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Agriculture Economy – How Local Governments can help?

The new Local Government Act is in force now and the new administrative set up under this act is expected to take roots in a year time.  The new system has envisioned separate urban & rural council along with its associated concerns it certainly has certain advantages for the administration. Tehsil council being the representative of the rural areas only will have the opportunity to focus more on improving the rural economy. It’s important to see how the candidates and parties push the narrative during the campaign. Whether the understanding of the mandate and functions of the council is translated into the election campaign or only the National rhetoric will take the lead in the camping.  It’s more important that the potential candidate starts exploring the new Act and exploring various plans they may offer with respect to their functions during the campaign.

Agro-economy is the main source for the rural population however its productivity and profitability has caused some serious damage to the industry. The farmers are continuing just for the sake of living and not there are no much profits for a sustainable living for small farmers. For small farmers, due to the small holding size, there are limitations to various offers, though Govt has certain programs for small farmers. Going by the experience of the Netherlands and the challenges our small farmers facing, its time we turn to the co-operative culture. Co-Operative societies Act 1925 provides the legal structure for establishing and working of Co-Operatives however it needs certain amendments to make it compatible with the foregoing proposals.

Our prospective candidates for the Tehsil Councils should start pondering and developing solutions that may help the constituents (mainly farmers/growers) to get more with the less. A Tehsil council may help them by way of providing guarantees for the cooperative (mind the conflict of interest) in securing credit. Financially assisting in improving irrigation systems, setting up solar tube wells, setting up warehouses for the common purpose and affording them opportunities of better management of crops in post-harvest and in market access. Value of money can be increased if such services are provided to the co-operatives instead of individual farmers. On top of the requirements of the Co-operative Societies Act, a Tehsil Council may put up some other conditions.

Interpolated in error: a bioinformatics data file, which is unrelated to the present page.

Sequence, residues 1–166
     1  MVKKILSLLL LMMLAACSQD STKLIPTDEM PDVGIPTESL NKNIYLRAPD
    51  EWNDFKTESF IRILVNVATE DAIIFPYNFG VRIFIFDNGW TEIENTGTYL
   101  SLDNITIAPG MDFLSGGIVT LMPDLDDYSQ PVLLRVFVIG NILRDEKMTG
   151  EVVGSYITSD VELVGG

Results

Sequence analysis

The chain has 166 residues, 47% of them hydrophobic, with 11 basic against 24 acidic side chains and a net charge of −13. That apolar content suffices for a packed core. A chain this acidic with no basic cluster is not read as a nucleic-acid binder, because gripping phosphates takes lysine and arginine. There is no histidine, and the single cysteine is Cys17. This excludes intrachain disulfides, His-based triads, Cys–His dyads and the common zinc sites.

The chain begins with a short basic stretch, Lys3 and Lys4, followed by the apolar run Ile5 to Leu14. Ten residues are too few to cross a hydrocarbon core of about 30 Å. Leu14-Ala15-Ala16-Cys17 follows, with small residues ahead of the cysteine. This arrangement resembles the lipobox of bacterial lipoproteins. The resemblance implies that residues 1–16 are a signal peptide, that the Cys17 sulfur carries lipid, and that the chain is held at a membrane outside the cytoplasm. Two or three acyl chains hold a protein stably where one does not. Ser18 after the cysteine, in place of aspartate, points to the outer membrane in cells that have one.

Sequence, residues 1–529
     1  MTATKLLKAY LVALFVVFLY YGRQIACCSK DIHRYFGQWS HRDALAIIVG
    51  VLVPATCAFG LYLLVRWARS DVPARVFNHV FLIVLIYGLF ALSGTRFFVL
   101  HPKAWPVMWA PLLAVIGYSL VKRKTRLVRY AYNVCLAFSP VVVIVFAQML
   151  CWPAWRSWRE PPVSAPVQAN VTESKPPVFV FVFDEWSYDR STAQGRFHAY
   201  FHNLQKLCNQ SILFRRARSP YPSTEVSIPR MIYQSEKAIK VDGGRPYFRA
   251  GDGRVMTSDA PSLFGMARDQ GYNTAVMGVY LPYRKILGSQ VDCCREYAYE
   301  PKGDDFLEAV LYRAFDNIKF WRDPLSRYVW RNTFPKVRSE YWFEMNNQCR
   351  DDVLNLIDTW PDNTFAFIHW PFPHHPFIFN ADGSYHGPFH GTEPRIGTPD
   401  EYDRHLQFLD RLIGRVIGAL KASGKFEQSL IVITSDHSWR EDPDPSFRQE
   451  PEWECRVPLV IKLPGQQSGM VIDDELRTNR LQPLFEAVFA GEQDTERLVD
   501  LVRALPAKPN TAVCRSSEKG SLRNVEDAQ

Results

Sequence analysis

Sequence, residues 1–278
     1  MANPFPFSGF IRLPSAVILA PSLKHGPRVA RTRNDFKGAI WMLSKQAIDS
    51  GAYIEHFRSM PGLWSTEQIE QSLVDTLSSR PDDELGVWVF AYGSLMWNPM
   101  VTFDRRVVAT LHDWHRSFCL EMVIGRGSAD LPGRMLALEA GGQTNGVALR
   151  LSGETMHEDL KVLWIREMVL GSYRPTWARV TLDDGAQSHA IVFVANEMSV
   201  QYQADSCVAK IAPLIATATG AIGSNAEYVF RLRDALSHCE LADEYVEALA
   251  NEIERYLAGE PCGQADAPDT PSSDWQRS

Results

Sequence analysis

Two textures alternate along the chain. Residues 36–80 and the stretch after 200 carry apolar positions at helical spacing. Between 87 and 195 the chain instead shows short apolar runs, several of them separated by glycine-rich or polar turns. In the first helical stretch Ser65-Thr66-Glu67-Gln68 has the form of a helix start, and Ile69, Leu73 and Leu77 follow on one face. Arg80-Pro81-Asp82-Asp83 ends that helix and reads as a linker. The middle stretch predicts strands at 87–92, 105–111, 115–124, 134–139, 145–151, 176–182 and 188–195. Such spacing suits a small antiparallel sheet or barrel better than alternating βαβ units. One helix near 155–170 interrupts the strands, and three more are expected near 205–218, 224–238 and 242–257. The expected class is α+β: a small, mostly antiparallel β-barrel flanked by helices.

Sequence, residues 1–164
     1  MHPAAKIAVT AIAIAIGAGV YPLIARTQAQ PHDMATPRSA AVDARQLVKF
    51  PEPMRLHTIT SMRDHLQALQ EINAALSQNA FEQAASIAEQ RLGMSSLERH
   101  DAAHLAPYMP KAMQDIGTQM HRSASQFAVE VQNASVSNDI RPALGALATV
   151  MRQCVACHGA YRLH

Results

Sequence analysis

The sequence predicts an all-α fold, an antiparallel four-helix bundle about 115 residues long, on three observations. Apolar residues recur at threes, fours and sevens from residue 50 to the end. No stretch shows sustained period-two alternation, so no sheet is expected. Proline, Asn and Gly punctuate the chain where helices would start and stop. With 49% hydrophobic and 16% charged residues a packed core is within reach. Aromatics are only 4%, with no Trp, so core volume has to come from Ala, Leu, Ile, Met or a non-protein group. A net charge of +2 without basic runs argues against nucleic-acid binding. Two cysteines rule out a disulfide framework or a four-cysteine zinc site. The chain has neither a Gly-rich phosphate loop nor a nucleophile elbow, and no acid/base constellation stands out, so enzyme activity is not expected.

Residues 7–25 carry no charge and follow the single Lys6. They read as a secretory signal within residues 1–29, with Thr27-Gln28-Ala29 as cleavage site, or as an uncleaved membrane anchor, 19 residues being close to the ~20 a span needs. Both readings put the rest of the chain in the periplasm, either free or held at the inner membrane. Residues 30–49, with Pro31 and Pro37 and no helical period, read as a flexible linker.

Let’s take a case of a Tehsil Council encouraging Co-Operatives and has set up its own budget and policy for the support purpose. The policy is such that it set up certain mandatory requirements to be full filled. Like the appointment of qualified persons, periodic soil/water tests, periodic levelling and boundary verifications etc. Only such Co-Operatives shall be eligible who are registered with the Registrar of Co-operative Societies and have minimum twenty-five acres of land (preferably compact) under its management for the purpose of farming. The members of the Co-Cooperative (Say 5-7) serve as the Board members and they exercise their authority through resolutions. They appoint a qualified person as Farming Manager, Wearhouse & Marketing Manager and any other administrative staff or workers required time to time.  By resolution, they authorize the Farming Manager to represent & protect their interests whenever attending the meeting with the Agriculture Department for seeking new technology or seeds or other farming assistance, Tehsil Council in securing support, Financial institutes in securing credit and so on. The Farming Manager so appointed shall serve as Principle accounting officer and keep a record of all the directions and decisions of the board, Inventory of the Co-Operative/Farm, all the expenditures occurred for the production of any crop.